With a target of 100 GW, India has made no plans for disposal of e-waste that the solar sector will generate
Solar power in India received the much-needed boost through the Jawaharlal Nehru National Solar Mission (JNNSM) in 2010. It is safe to assume that the majority of solar installations in the country were set up after that and the end of life for already-operating solar panels would happen after 2035.
This is one of the reasons why no one is thinking about what will happen to solar panels once they are not able to generate power. The question is how will India dispose 100 gigawatt (GW) worth of solar panels in the next 20 years? Assuming that an average panel is sized 250 watt, 100 GW will amount to almost 7.76 million tonnes of e-waste (77.6 lakh tonnes to be exact) at the end of a lifetime (25 years) of a solar plant.
Lack of regulations
The Ministry of Environment, Forest & Climate Change (MoEF&CC) notified the E-Waste Management Rules, 2016 in March this year. The rules were developed from the E-Wastes (Management and Handling) Rules, 2011.
However, none of these policies include the methodology for proper disposal of solar cells. Prakash Javadekar, the former environment minister, said during the release of the rules, “17 lakh tonnes of e-waste is generated every year in India, with an annual increase of 5 per cent of generation of e-waste”.
In June 2011, the Research Unit (LARRDIS) in the Rajya Sabha Secretariat came out with a paper titled E-waste in India, in which it was clearly specified that “there are several pollutants occurring in solar cells and parts which include arsenic, chrome, lead and cadmium in batteries”.
However, even in the context of Hazardous and Other Wastes (Management and Transboundary Movement) Rules, 2016 no details were specified regarding solar cells and modules.
The Ministry of New and Renewable Energy (MNRE) believes that the onus of disposal of solar PV cells and modules rests with developers. In the guidelines issued for grid-connected solar power projects under JNNSM, there is a clause for disposal of solar panels.
It states that “the developers will ensure that all solar PV modules collected from their plant after their ‘end of life’ (when they become defective/non-operational/non-repairable) are disposed off in accordance with the ‘e-waste (Management and Handling) Rules’ notified by the government and as revised and amended from time to time”.
I P Singh, the director of MNRE, said, “At one point in time, the ministry was looking to do a research and development project on the recycling of solar PV cells and modules, but the project could not come to fruition. Right now, there are no rules or directives from the ministry in this regard.”
There is no mandate in the rules which the ministry is referring to in respect to solar PV specifically at the moment.
Recycling solar cells
Although solar energy is termed as “clean” energy, it is important to understand that it cannot be necessarily deemed as “green”. This is because even though miniscule compared to other conventional sources of energy, there is an environmental impact of solar energy which cannot be ignored.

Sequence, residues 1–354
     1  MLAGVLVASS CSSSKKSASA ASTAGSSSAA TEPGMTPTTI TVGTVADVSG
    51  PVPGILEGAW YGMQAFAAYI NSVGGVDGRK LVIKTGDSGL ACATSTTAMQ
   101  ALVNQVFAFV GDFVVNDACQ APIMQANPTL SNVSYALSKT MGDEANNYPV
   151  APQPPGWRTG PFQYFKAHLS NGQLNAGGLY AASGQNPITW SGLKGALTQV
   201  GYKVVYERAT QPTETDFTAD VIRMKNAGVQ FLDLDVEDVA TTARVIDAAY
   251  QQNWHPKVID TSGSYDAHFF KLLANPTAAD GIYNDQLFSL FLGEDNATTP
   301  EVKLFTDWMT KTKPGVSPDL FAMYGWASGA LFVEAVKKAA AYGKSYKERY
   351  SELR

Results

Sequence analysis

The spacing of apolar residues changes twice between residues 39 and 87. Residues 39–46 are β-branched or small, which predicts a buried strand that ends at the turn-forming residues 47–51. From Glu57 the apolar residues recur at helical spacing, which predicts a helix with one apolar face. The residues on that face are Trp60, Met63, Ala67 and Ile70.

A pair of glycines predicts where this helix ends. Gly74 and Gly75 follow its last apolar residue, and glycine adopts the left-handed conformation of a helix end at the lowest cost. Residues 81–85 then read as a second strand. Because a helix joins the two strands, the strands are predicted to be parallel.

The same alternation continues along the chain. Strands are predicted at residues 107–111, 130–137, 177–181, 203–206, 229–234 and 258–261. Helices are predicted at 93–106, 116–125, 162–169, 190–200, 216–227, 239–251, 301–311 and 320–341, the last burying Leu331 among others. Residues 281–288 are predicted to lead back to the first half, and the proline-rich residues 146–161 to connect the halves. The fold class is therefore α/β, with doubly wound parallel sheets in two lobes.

Solar energy is land intensive and maximum exposure and attention have been paid to this aspect of solar power. Since the major issue of e-waste being accumulated will only come after 20-25 years, there has not been much focus on how to manage the amount of e-waste that the solar industry will generate.
The three principles of waste management are the 3R—reduce, reuse and recycle. Since India has already decided to install 100 GW of solar power, reducing e-waste is not an option. That leaves us with the recycling option.
Apart from a Tamil Nadu-based company, Poseidon Solar Services, there are currently no other company to recycle solar PV photovoltaics (PV) cells in the country.
Indian manufacturers do not make solar cells in the country, they just assemble them. So, there is a lack of demand for recycled silicon wafers in India. This may be one of the reasons why many companies have not delved into this industry. Moreover, the solar PV recycling industry is capital intensive. This can also act as an impediment for lack of investment in this sector. Posiedon Solar refused to speak to Down to Earth in this regard.
Solar recycling is a cumbersome process because of the involvement of various elements in a solar panel. The front cover of the panel usually consists of glass, the frame is made of aluminum and there are various synthetic materials used to hold the silicon cells in place. Substances such as ethylene-vinyl acetate, polyvinyl butyral and/or polyvinyl fluoride are used in solar panels.
There are also solar cells either made of silicon or cadmium telluride and other metals such as lead, copper and gallium. Extracting these elements individually is an expensive and tedious process.
These materials have to be separated and recovered with minimal damage and loss of material for reuse in the production of solar panels. Fortunately, recycling technology is available for such extraction process with maximum efficiency.
The global experience
The solar PV recycling industry is prevalent in western countries. In Europe, there is an international PV industry programme called “PV Cycle” that has been set up to address the recycling issue for solar power.